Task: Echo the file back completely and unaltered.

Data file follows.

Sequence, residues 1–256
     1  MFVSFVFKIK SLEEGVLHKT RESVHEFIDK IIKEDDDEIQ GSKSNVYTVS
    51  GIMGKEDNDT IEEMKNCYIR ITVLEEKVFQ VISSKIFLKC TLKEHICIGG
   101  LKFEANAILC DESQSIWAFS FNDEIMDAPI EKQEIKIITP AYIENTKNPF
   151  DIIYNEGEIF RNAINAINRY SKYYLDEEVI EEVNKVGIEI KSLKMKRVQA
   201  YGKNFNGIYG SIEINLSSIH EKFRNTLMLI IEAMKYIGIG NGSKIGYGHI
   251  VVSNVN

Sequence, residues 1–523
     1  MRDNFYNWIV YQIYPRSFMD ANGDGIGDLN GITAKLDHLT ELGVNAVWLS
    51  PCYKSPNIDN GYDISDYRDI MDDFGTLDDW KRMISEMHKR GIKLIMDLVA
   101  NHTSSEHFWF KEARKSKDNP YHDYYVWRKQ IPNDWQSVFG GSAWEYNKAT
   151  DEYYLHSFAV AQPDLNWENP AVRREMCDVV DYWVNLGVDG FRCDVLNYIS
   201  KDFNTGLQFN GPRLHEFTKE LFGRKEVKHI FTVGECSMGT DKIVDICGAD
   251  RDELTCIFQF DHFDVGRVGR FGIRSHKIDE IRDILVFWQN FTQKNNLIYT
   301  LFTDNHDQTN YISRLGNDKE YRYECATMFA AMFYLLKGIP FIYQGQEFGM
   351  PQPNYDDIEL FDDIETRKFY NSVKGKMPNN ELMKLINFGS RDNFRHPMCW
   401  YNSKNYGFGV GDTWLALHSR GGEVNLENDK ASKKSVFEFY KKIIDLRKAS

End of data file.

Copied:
Sequence, residues 1–256
     1  MFVSFVFKIK SLEEGVLHKT RESVHEFIDK IIKEDDDEIQ GSKSNVYTVS
    51  GIMGKEDNDT IEEMKNCYIR ITVLEEKVFQ VISSKIFLKC TLKEHICIGG
   101  LKFEANAILC DESQSIWAFS FNDEIMDAPI EKQEIKIITP AYIENTKNPF
   151  DIIYNEGEIF RNAINAINRY SKYYLDEEVI EEVNKVGIEI KSLKMKRVQA
   201  YGKNFNGIYG SIEINLSSIH EKFRNTLMLI IEAMKYIGIG NGSKIGYGHI
   251  VVSNVN

Sequence, residues 1–523
     1  MRDNFYNWIV YQIYPRSFMD ANGDGIGDLN GITAKLDHLT ELGVNAVWLS
    51  PCYKSPNIDN GYDISDYRDI MDDFGTLDDW KRMISEMHKR GIKLIMDLVA
   101  NHTSSEHFWF KEARKSKDNP YHDYYVWRKQ IPNDWQSVFG GSAWEYNKAT
   151  DEYYLHSFAV AQPDLNWENP AVRREMCDVV DYWVNLGVDG FRCDVLNYIS
   201  KDFNTGLQFN GPRLHEFTKE LFGRKEVKHI FTVGECSMGT DKIVDICGAD
   251  RDELTCIFQF DHFDVGRVGR FGIRSHKIDE IRDILVFWQN FTQKNNLIYT
   301  LFTDNHDQTN YISRLGNDKE YRYECATMFA AMFYLLKGIP FIYQGQEFGM
   351  PQPNYDDIEL FDDIETRKFY NSVKGKMPNN ELMKLINFGS RDNFRHPMCW
   401  YNSKNYGFGV GDTWLALHSR GGEVNLENDK ASKKSVFEFY KKIIDLRKAS